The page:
bubba, it’s alright… …I’m just getting you breathing.” “It’s ok buddy.” We have watched him go
down in front of emergency doctors at the hospital and deteriorate. He has gone to the point where
they said to me the only option left is to
put breathing tubes down. And they actually asked me
to leave the room. Which is scary because you wonder
if you’re going to come back and he’s going to be
looking at you… …or gone. He could have an asthma attack
at any time I always watch him. I check him every night
before I go to bed I always check his breathing. My greatest fear is definitely
losing him. Him not getting help,
and deteriorating to the point where you lose him. Asthma can be deadly.
We know for example, in 2013 389 people in Australia
died of their asthma. Australia has one of the
highest burdens of asthma… …in the world. Over the years
I’ve had the girls in and out of hospital probably up to about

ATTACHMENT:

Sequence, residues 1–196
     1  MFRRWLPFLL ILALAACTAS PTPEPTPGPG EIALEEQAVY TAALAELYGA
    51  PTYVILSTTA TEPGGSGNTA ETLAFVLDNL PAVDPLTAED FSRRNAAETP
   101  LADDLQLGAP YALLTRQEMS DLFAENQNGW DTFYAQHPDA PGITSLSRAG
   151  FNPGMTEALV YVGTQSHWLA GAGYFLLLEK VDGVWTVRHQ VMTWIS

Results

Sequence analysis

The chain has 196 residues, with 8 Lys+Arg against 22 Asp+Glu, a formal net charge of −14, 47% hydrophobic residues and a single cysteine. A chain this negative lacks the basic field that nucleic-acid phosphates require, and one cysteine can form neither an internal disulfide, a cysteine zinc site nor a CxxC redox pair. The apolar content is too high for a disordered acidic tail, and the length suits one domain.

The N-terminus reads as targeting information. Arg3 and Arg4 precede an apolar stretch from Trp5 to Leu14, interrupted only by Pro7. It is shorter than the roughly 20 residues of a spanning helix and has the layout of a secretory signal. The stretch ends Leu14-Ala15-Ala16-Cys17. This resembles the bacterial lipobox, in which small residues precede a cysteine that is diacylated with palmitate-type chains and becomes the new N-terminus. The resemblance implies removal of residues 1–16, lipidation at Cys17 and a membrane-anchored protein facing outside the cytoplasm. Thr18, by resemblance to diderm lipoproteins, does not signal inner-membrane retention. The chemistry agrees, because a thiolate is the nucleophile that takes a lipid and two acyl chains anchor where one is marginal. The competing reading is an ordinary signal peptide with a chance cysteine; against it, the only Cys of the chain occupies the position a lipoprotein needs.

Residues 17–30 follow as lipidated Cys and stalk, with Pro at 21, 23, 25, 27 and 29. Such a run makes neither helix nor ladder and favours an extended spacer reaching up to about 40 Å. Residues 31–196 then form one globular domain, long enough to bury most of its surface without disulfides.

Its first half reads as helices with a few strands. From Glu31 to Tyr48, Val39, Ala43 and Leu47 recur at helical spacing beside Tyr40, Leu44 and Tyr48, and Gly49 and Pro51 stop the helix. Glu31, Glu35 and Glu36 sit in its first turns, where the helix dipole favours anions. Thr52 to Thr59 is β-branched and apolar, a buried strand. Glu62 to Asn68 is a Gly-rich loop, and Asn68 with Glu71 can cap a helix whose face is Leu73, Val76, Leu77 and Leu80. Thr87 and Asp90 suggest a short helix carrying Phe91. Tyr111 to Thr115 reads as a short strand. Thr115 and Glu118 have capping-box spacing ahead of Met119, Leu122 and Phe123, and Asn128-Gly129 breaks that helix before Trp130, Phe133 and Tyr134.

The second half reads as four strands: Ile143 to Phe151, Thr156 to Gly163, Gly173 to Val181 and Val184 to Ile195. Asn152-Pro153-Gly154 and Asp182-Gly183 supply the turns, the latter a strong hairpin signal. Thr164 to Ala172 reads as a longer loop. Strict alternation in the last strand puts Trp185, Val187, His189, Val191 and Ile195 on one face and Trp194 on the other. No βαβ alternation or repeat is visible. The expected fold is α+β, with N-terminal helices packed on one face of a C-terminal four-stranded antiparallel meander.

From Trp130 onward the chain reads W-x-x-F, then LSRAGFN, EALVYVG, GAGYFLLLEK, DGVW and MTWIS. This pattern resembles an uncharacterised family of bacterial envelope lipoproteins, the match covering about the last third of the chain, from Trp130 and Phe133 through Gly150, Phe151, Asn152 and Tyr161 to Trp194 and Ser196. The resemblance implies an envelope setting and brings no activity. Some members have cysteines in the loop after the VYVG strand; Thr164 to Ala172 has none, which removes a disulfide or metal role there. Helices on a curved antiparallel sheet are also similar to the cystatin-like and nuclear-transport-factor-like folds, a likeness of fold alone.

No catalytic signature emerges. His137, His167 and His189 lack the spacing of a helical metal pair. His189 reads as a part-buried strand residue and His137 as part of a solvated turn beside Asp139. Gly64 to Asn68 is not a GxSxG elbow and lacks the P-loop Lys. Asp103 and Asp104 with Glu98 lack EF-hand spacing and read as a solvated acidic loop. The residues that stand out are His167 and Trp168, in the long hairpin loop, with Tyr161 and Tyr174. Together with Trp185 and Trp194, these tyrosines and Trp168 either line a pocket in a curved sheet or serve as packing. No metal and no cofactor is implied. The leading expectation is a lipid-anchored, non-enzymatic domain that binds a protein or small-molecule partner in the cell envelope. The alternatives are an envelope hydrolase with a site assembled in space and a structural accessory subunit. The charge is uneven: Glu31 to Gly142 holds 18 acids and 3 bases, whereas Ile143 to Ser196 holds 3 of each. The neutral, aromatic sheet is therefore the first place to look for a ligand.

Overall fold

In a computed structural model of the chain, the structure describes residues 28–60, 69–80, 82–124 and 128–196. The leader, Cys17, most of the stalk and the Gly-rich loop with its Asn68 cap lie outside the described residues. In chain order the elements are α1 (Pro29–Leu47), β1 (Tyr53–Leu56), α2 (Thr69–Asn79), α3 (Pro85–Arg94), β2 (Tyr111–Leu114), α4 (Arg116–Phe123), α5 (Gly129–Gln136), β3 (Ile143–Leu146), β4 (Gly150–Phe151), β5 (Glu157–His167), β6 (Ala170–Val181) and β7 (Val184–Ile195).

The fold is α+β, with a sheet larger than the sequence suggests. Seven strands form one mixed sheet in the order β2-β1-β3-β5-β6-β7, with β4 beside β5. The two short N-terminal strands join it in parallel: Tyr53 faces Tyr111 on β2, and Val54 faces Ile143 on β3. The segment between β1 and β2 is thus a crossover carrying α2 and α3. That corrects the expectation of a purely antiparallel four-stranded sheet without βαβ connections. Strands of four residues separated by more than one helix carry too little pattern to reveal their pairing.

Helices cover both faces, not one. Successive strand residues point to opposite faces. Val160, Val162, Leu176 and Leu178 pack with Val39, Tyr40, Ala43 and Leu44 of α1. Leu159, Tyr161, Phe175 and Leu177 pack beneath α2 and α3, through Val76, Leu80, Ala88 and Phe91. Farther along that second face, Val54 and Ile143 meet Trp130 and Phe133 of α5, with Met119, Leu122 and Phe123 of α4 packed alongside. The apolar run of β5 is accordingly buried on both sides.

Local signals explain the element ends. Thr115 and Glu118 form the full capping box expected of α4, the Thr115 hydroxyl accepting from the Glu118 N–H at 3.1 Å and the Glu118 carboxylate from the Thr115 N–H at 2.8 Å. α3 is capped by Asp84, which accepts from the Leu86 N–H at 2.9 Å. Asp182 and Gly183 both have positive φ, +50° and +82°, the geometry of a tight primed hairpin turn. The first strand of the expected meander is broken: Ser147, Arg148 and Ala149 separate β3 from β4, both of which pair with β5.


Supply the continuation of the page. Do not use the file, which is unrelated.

300 times. When they’re getting
a bad asthma attack they will turn blue.
Their lips go blue. They sink in under their eyes You can tell they’re struggling. One time I’ve rung an ambulance and that was for
Alexandra and she was just sitting
here and… …sucking for air.
She couldn’t breathe. I worry about the worst.
That they might die. My biggest fear. And then is it my fault
because I wasn’t there? The ultimate goal for all researchers
who work in the asthma field is of course, to find a cure. In the meantime, what we really
have to do is find new treatments find better ways of managing asthma so that people with asthma and children
with asthma can lead healthy lives. Now I don’t believe people would understand how bad it can really get
and how quickly with a young child it can get,
until you really see it. Something happens,
something triggers it …and they can’t breathe and you can’t help them. That’s the scary part You can’t help them.